This unusual concrete block with a subtle art nouveau floral motif is easily overlooked from the outside. Arrive early, passport in hand, act unthreatening—the security guards can be touchy about letting people in—and one of Cairo's great hidden treasures awaits, with an interior of exquisite stained-glass windows and light fixtures rumored to be from Tiffany. Erected in 1899 by the Mosseri family, the synagogue is seldom used because there are too few remaining Jewish
men to hold a service. This possible end masks a long and prosperous history for the Jewish community in Egypt. Over the past 500 years, whenever Europe went through its regular waves of persecution and expulsion, Jews sought refuge in Muslim lands such as Egypt, where they were protected as People of the Book. Only in the 20th century, with colonialism and the emergence of Israel, did local sentiment turn against them. Contact the synagogue to organize a visit. Security is tight, so make sure you carry your passport as proof of identity.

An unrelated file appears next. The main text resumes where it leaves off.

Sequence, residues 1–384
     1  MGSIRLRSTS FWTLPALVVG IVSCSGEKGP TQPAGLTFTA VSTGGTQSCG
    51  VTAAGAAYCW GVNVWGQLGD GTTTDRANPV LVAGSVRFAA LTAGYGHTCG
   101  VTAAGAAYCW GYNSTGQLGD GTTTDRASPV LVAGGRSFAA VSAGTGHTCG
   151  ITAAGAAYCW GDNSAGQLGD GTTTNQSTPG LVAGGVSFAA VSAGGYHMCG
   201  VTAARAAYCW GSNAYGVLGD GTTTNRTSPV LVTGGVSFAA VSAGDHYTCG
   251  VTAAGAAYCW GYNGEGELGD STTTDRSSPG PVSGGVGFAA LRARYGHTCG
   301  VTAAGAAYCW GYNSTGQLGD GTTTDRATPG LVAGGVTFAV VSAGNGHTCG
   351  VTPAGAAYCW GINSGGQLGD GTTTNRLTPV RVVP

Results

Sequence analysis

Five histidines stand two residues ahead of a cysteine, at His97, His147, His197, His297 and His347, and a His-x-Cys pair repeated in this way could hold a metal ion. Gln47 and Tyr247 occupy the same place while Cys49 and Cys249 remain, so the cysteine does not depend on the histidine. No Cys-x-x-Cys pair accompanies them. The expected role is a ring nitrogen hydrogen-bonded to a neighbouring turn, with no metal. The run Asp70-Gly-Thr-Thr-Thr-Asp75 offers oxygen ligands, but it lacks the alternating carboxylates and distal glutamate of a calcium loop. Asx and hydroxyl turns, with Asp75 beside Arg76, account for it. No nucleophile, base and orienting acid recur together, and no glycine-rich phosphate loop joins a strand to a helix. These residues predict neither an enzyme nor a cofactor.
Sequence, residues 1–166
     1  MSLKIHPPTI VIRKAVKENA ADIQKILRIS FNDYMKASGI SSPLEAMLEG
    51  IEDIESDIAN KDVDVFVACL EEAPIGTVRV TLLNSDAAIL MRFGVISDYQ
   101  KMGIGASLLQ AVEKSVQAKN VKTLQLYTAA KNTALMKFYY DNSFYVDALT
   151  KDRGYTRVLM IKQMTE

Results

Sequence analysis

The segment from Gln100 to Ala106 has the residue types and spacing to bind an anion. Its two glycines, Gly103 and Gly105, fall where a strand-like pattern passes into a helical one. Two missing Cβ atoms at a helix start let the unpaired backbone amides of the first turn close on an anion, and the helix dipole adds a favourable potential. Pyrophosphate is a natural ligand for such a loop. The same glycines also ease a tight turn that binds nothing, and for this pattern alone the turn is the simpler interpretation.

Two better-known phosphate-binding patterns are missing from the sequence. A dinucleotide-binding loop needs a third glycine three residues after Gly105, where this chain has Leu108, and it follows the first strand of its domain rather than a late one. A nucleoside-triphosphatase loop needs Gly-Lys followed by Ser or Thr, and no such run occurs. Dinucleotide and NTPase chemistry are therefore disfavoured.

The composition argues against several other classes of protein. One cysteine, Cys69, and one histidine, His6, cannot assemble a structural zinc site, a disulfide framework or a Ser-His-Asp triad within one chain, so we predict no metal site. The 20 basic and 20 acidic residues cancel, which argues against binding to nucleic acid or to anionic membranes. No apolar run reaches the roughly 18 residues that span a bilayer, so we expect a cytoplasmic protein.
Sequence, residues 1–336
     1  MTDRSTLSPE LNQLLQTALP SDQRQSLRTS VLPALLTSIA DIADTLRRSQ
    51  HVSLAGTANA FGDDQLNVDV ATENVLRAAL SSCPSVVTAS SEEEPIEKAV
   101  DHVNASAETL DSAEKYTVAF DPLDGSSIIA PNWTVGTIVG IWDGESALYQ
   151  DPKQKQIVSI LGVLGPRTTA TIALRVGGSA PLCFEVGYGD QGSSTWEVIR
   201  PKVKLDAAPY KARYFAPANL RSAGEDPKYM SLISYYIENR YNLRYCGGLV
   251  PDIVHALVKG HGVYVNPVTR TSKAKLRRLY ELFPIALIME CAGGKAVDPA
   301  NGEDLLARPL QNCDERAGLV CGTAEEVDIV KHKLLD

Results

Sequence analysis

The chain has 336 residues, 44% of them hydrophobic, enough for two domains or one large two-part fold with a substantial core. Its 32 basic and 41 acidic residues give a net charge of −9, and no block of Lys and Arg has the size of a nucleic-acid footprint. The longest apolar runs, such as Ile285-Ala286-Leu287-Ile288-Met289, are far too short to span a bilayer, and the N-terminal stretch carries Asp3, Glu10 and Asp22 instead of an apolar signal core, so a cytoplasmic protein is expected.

Shar'a Adly (opposite Kodak Passage), Cairo, Egypt